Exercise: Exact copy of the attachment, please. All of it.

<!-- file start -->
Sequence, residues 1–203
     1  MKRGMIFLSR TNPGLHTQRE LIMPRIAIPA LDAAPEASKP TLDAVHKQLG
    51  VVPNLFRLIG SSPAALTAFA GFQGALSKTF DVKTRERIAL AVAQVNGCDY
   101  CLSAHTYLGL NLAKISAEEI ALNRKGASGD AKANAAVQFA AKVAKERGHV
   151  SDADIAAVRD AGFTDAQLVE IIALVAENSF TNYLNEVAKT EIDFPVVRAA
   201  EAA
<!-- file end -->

Sequence, residues 1–203
     1  MKRGMIFLSR TNPGLHTQRE LIMPRIAIPA LDAAPEASKP TLDAVHKQLG
    51  VVPNLFRLIG SSPAALTAFA GFQGALSKTF DVKTRERIAL AVAQVNGCDY
   101  CLSAHTYLGL NLAKISAEEI ALNRKGASGD AKANAAVQFA AKVAKERGHV
   151  SDADIAAVRD AGFTDAQLVE IIALVAENSF TNYLNEVAKT EIDFPVVRAA
   201  EAA